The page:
Hobart Cybertig 300

Just got a Hobart Cybertig 300 from a high school selling off their industrial arts equipment (sad). No manual. Anyone know anything about this machine and its specs? Has
anyone used a welder like this before? I would love to hear about its strengths and weaknesses especially relating to al and stainless welding. If anyone has a manual, I will pay for a complete scanned or photocopied copy.
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Hobart cybertig 300 DCS is very similar to Hobart Cybertig 200 DCS.
I have some manuals for the '200 (PDF)
http://igor.chudov.com/projects/Welding/00-Hobart-CyberTig-Welder/
They may or may not be for your version of the programmer, but are likely to apply to the main power source.
i
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Ignoramus19490 wrote:

Thanks for posting the manuals for the Cyber-TIG. Looking at the power control stuff in welders is something that interests me a lot.
Bob
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On Tue, 14 Mar 2006 03:27:06 GMT, MetalHead

They have pretty good diagrams at the end of both manuals.
i
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Ignoramus19490 wrote:

I saw them, thanks. I wish that the SCR firing board schematics were there too, but those were probably the family jewels for Hobart.
Thanks,
Bob
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On Tue, 14 Mar 2006 14:18:31 GMT, MetalHead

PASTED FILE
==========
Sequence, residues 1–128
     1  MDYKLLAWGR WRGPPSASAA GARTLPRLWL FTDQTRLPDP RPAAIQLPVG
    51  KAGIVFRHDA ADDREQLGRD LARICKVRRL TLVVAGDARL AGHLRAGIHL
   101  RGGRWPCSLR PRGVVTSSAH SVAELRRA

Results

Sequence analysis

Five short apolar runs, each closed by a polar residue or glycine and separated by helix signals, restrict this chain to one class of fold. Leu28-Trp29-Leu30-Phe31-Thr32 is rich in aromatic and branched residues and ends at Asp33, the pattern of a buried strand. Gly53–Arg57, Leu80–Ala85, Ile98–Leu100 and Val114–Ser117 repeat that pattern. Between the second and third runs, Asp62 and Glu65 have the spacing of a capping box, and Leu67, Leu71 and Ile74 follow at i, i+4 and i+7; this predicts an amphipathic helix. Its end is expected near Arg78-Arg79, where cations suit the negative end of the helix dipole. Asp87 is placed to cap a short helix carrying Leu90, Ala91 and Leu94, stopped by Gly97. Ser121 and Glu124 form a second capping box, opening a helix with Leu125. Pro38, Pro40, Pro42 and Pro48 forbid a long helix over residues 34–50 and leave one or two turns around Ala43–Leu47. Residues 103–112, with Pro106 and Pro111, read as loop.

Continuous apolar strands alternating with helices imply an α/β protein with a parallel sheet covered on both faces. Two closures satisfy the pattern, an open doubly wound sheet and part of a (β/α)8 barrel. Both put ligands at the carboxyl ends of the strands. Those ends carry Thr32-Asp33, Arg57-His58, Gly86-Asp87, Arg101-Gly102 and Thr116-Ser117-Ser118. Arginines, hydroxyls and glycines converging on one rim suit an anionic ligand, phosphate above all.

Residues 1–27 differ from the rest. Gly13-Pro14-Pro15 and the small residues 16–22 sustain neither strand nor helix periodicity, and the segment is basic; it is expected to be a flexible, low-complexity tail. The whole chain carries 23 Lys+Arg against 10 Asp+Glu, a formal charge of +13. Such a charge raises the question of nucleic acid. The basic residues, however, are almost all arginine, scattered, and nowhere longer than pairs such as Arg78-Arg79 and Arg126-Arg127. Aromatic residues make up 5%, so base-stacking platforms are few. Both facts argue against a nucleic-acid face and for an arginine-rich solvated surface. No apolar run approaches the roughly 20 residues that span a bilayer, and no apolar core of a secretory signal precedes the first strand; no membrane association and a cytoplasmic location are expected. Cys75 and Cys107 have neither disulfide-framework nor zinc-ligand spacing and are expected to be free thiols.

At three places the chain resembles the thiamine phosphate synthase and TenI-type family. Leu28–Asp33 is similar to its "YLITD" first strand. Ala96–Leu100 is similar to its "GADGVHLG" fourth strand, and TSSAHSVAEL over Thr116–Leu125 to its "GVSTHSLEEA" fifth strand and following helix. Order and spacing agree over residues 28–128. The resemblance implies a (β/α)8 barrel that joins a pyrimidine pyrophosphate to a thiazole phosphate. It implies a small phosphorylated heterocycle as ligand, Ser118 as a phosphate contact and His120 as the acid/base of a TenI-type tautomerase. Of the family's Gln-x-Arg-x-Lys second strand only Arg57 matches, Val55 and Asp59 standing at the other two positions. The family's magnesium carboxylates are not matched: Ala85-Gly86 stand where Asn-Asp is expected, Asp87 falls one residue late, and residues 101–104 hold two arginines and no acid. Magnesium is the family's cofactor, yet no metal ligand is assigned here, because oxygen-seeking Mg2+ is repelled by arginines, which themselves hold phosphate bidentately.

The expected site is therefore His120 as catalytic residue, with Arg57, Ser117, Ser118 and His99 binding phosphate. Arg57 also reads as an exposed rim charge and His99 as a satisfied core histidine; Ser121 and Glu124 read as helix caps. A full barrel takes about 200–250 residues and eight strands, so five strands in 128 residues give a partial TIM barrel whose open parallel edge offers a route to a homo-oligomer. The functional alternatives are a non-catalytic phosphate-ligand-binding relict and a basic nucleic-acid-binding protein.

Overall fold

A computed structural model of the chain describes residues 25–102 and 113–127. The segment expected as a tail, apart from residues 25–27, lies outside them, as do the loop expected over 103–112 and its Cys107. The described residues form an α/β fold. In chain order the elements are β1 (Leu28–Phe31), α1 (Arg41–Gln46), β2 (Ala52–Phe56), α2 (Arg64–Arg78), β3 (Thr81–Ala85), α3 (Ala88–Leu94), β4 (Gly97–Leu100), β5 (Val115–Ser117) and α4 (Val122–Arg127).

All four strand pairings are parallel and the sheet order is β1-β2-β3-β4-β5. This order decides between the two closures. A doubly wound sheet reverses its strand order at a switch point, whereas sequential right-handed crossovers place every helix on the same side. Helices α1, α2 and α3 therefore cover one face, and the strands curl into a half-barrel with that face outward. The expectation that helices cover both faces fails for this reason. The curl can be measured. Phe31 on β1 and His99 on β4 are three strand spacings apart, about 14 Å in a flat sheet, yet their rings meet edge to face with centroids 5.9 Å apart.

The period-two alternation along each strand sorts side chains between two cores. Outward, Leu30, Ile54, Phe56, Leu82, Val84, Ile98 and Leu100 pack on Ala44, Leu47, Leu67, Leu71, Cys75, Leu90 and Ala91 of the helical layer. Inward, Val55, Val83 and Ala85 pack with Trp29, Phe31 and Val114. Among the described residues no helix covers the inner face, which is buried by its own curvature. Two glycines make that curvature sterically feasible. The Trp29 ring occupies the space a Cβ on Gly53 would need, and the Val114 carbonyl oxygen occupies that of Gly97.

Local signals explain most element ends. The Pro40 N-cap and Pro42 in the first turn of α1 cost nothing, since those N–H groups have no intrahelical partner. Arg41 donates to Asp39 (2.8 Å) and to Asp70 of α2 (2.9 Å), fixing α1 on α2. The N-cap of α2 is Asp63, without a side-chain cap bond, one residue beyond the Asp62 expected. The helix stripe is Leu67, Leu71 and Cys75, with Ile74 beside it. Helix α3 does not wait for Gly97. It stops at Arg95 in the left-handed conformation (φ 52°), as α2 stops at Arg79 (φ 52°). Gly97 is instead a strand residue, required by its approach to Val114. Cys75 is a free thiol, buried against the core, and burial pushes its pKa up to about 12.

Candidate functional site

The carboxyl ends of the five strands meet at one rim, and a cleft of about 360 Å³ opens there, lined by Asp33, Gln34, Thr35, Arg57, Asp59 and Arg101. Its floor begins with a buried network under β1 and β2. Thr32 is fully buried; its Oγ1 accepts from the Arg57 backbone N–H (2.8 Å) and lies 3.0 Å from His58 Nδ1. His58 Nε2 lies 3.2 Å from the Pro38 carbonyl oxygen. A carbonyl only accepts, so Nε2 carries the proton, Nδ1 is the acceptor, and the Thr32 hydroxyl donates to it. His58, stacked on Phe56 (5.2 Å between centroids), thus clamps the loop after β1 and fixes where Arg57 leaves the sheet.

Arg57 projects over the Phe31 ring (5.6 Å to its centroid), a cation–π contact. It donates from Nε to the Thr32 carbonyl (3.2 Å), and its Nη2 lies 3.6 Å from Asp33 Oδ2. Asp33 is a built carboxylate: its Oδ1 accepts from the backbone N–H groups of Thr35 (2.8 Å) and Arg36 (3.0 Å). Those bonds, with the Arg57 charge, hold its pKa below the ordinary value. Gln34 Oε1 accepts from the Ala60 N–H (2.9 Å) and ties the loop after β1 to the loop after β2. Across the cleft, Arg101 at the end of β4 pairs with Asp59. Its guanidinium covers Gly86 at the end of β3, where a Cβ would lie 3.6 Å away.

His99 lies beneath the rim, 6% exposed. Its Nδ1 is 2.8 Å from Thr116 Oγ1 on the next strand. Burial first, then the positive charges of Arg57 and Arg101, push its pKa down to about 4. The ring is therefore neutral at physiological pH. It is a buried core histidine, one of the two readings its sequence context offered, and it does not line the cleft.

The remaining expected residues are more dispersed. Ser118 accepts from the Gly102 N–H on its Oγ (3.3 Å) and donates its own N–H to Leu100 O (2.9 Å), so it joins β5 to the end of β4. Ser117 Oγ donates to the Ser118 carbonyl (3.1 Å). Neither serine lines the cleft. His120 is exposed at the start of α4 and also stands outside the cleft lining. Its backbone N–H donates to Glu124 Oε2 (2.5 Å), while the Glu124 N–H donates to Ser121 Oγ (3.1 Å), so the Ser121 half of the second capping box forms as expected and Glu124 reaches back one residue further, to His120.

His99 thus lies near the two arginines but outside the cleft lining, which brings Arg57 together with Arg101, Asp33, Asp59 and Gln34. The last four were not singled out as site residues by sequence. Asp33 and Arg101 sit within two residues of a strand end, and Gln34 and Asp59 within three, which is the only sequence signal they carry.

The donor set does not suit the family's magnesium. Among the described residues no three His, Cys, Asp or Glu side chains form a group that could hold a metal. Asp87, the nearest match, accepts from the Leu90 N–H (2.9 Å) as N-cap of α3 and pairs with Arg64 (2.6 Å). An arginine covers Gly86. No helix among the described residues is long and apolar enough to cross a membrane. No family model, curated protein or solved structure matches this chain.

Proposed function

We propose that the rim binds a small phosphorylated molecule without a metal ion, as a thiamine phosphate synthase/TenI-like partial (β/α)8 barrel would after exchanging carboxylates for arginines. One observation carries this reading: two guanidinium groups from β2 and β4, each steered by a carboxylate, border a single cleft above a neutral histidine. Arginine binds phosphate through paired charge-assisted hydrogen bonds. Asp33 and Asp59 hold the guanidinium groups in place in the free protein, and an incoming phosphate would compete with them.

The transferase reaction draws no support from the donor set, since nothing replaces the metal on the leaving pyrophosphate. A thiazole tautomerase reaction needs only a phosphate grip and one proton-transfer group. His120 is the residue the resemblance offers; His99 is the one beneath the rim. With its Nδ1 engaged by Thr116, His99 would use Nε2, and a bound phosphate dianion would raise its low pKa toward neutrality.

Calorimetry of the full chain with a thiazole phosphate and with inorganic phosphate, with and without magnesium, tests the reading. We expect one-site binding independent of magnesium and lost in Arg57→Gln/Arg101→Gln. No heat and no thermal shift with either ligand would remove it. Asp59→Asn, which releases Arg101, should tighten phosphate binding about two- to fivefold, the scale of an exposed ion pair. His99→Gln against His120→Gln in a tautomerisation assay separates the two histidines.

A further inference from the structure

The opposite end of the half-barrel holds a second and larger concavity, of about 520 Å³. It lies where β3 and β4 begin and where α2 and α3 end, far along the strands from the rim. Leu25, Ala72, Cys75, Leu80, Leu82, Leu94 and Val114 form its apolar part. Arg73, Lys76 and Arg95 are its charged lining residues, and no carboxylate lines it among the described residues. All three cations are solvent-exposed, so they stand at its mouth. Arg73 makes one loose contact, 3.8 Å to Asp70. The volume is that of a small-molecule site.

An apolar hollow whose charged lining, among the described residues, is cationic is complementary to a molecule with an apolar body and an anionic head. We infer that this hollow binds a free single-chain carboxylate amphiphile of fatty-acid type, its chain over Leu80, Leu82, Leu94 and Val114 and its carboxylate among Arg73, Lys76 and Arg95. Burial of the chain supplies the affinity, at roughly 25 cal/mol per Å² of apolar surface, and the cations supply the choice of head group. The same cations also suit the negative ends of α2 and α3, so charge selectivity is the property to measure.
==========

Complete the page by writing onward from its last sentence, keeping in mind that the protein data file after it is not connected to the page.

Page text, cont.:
Bob, I am not speaking from any kind of real experience, but it looks as though all the board does is converting some kind of signal (like difference between actual welding current and desired welding current, represented by voltage), into SCR firing timings. As such, I hope that similar boards should be plentiful.
Look at diagram 472780 near the end of the CyberTig (not Programmer) manual. You will see how current converts to voltage at shunt resistor R4 50 mV (top right) and goes into the board at bottom row, pin 5. I am not sure, but I hope that such boards should be generally available.
i
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Ignoramus4546 wrote:

Igor, How big is that board? With 6 firing generators, it could have a fairly large amount of stuff on it. I am interested in the details of the firing generators and the filtering on the current shunt.
I have seen SCR firing boards on big industrial furnaces, but they don't have to live in as harsh an electrical environment as an arc welder.
I would be really surprised if that board was availible from anywhere else but somebody parting out a similar machine or maybe somebody still works on them.
Thanks, Bob
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On Wed, 15 Mar 2006 02:27:31 GMT, MetalHead